Jennifer Barton
Jennifer Barton
Staff Writer
February 20, 2020 // Diocese

A servant’s heart

Jennifer Barton
Jennifer Barton
Staff Writer

Phil Hayes, Mike Plenzler, James Summers and Harry Verhiley, all members of St. Pius X Parish in Granger, are pursuing a vocation to the diaconate. They are currently in formation and encouraged by their pastor, Msgr. William Schooler.

A deacon’s role in the Church is Biblical. St. Stephen, “a man filled with faith and the Holy Spirit,” (Acts 6:5) was one of the earliest deacons mentioned in the New Testament. Their role was to care for the poor and widows in the apostolic community. Deacons in the modern-day Church fill a similar role of service.

Called to serve

One commonality in each of their stories was the “call to give more,” as Verhiley said. While the diaconate may not have been in their earliest career plans, they had already been contributing much of themselves to the parish, and this seemed taking the next step. Plenzler stated, “I’m in a spot in my life where I need to put my talents to work for God.”

Since joining St. Pius in 1997 with his wife, Tracey, Plenzler has become involved most notably in Christ Renews His Parish. “These activities, meetings and retreats have made me look deeper at what I am doing with my life. My mother and father, brothers, sisters-in-law, friends and fellow St. Pius parishioners are all supporting me in this discernment,” he said.

Plenzler points to his father’s ordination to the diaconate in the Diocese of Toledo as inspiration as well. “[It] was a moving experience beyond all others.”

Summers began his service to the Church around 40 years ago as a lector, bringing the Word of God to fellow Catholics. “It is one of my greatest joys in life … I look forward to being able to proclaim the Gospel.”

Photos provided by Kim Mauch
Parish involvement led four men, parishioners of St. Pius X in Granger, to their calling as deacons. They are currently in formation. Pictured from left, with their wives, are Mike and Tracey Plenzler, Claire and Phil Hayes, Wendy and James Summers and Joanne and Harry Verhiley.

Remaining Catholic has not always easy for Summers and his wife, Wendy, who experienced instances of racism in predominantly white Catholic communities. They even considered leaving the Church during some of those moments. But the community at St. Pius has provided a positive experience for them, and they attended the National Black Catholic Congress in Indianapolis in 2012. “For the first time ever, I did not feel like a visitor in my own church,” said Wendy.

When the Diocese of Fort Wayne-South Bend formed the Black Catholic Advisory Board in 2012, James and Wendy were asked to join. “Through that, we learned what the Church truly teaches about valuing others and were trained in building intercultural competence for ministers,” James said.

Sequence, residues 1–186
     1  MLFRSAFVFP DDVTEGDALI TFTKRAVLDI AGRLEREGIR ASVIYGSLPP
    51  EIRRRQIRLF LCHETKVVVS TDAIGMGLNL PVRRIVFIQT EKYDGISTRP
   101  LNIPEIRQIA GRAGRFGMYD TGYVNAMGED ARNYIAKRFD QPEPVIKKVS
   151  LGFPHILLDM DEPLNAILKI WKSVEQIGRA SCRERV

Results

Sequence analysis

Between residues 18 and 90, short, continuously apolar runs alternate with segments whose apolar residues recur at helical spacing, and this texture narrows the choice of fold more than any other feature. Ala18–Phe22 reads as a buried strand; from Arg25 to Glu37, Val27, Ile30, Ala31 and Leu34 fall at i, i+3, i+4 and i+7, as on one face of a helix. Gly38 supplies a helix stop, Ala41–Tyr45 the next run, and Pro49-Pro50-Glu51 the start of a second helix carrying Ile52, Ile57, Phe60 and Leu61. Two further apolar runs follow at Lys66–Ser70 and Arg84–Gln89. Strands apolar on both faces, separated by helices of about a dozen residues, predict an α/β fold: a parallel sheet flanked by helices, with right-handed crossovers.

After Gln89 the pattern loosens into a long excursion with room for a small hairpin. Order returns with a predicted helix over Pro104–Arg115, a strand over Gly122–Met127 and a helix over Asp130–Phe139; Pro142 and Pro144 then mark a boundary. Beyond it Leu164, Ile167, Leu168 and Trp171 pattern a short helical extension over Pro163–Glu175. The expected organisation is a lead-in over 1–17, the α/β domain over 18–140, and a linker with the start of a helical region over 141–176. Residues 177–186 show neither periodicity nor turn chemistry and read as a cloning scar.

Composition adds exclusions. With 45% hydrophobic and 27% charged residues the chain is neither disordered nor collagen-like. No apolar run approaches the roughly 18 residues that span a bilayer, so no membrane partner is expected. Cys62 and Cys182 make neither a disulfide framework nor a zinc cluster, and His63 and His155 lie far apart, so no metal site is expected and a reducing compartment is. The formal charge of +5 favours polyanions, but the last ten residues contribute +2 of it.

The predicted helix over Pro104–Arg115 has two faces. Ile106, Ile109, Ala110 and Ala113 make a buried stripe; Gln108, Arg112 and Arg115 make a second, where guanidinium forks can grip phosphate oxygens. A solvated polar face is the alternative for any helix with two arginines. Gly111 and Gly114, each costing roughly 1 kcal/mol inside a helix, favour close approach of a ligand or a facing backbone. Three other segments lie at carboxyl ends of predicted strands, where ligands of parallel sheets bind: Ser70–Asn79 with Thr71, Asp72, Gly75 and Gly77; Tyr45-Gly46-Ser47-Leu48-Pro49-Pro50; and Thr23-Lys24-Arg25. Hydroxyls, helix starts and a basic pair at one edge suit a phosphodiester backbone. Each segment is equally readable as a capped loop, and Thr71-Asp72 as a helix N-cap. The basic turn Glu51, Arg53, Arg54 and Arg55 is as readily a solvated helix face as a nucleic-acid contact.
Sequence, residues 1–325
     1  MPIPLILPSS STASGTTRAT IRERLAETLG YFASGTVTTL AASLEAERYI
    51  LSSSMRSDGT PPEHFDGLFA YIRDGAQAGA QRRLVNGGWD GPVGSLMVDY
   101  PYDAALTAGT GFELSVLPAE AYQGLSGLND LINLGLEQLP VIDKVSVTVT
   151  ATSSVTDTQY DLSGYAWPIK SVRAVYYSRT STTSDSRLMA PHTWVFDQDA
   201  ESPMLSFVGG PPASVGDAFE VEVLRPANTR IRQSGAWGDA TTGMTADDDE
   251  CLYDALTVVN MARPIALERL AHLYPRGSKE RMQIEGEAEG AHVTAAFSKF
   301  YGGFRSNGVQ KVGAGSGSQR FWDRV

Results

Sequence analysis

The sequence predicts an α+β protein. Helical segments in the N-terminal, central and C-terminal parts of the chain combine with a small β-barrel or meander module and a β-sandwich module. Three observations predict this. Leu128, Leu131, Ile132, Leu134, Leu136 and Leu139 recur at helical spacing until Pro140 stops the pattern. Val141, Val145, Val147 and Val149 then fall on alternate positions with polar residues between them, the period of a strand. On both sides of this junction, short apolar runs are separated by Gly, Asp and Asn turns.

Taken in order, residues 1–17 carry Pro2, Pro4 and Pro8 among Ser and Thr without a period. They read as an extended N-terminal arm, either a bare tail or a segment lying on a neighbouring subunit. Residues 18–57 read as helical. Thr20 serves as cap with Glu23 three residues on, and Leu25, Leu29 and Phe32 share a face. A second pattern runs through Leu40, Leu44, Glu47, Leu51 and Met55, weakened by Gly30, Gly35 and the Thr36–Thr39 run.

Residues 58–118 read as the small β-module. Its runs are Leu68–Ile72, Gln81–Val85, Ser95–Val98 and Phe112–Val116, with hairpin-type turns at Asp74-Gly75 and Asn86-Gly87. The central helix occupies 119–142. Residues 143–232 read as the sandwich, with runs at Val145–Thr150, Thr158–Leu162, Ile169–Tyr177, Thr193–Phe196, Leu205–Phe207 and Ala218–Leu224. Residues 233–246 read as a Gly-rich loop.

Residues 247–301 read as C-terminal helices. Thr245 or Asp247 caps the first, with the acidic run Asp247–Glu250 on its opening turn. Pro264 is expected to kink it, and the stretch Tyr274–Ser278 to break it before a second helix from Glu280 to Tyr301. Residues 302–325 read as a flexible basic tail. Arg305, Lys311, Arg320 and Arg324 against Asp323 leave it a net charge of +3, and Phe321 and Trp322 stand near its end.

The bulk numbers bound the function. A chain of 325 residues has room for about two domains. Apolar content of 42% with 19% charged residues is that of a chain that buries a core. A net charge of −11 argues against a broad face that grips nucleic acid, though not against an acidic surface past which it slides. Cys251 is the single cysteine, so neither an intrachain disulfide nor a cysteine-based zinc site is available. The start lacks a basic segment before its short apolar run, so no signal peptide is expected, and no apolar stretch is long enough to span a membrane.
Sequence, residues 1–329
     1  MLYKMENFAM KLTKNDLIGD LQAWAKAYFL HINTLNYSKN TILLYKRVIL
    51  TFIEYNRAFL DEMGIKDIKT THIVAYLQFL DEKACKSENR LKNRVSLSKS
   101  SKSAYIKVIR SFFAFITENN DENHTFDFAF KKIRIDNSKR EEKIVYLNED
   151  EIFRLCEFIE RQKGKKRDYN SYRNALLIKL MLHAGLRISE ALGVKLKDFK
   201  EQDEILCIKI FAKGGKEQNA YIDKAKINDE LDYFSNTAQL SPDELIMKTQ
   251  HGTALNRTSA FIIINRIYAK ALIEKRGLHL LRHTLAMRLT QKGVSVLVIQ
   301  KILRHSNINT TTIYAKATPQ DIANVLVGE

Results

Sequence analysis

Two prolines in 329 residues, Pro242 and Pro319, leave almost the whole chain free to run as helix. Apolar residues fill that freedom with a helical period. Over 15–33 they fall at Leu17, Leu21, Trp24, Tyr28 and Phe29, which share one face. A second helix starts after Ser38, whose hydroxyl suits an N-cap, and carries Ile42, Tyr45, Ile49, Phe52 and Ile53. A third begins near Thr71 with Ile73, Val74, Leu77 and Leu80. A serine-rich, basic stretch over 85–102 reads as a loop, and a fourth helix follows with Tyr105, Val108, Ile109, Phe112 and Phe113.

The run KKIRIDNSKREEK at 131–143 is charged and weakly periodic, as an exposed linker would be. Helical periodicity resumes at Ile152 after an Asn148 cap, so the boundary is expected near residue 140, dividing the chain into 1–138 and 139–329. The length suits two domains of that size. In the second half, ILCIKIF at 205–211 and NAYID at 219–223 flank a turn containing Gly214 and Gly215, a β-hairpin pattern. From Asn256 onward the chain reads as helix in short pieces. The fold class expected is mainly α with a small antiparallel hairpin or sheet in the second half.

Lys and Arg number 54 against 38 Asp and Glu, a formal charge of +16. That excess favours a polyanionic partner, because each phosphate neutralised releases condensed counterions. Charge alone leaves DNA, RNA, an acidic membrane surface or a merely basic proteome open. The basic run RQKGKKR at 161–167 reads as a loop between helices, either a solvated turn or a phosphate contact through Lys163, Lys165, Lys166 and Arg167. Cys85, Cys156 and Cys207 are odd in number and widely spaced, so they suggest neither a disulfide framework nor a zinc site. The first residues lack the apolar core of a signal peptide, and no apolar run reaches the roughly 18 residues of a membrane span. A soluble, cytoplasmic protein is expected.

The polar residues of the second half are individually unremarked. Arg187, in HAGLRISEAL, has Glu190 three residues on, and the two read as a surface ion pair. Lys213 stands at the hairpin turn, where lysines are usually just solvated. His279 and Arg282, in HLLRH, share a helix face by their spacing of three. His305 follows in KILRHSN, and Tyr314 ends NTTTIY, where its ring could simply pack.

Hayes’ journey to the diaconate was more literal. On a pilgrimage to Fatima during the 100th anniversary, he felt God speak to him through other pilgrims. “They were telling me I should retire (after 38 years in manufacturing management) to do more for Christ’s Church,” he said.

He didn’t know what form his service would take, however, until he saw a notice in the bulletin months later about formation for the diaconate. At first hesitant, a series of homilies from Msgr. Schooler on answering God’s call convinced him. “After nine months of discernment, the classes started one week after my last day at work. This was no coincidence; only God could have planned that timing!”

A deep love for his faith led Verhiley to the diaconate. “I love our Lord, I love His Church and if I can serve in some way, I will. I know the Church needs holy men to serve; I am not holy, but I desire holiness. It seems to be the next step in my life, since I have had the great opportunity to serve our Lord’s Church. Each time I heard or read the Gospel where our Lord commands ‘put out into the deep,’ I have felt the need to respond.” He sees the diaconate as a way to continue teaching theology and answering God’s call to trust in Him and continue in His work.

Intentional outreach

A deacon acts to encourage people in their relationship with Jesus, so not only must his own relationship be strong, he also has to be knowledgeable. Plenzler relished the opportunity to continue learning about his faith “so I could put it into action to bring more people to Christ.”

James Summers is eager to help build relationships. “Jesus went directly to the excluded and very intentionally made them know they were loved. Perhaps I can recognize those who, for whatever reason, don’t feel invited or welcomed and put my arms around them, walk with them and help them see they are both welcomed and loved.”

St. Pius currently has a deacon, Louis Giovannini, who assists at daily Mass and during special sacraments and funerals, according to Msgr. Schooler, as well as holding down a full-time job. “He also runs a very successful program, ‘Marriage in Christ,’” said Msgr. Schooler.

He emphasized the many ways that St. Pius fosters vocations to all aspects of religious life, from priests to religious sisters to deacons.

“As members of St. Pius X Catholic Church in Granger, we recognize our role in helping young people discern their vocations. In our parish school, religious education program and in our homeschool community, we teach the various ways to live our baptismal promises and pray for those already in formation.”

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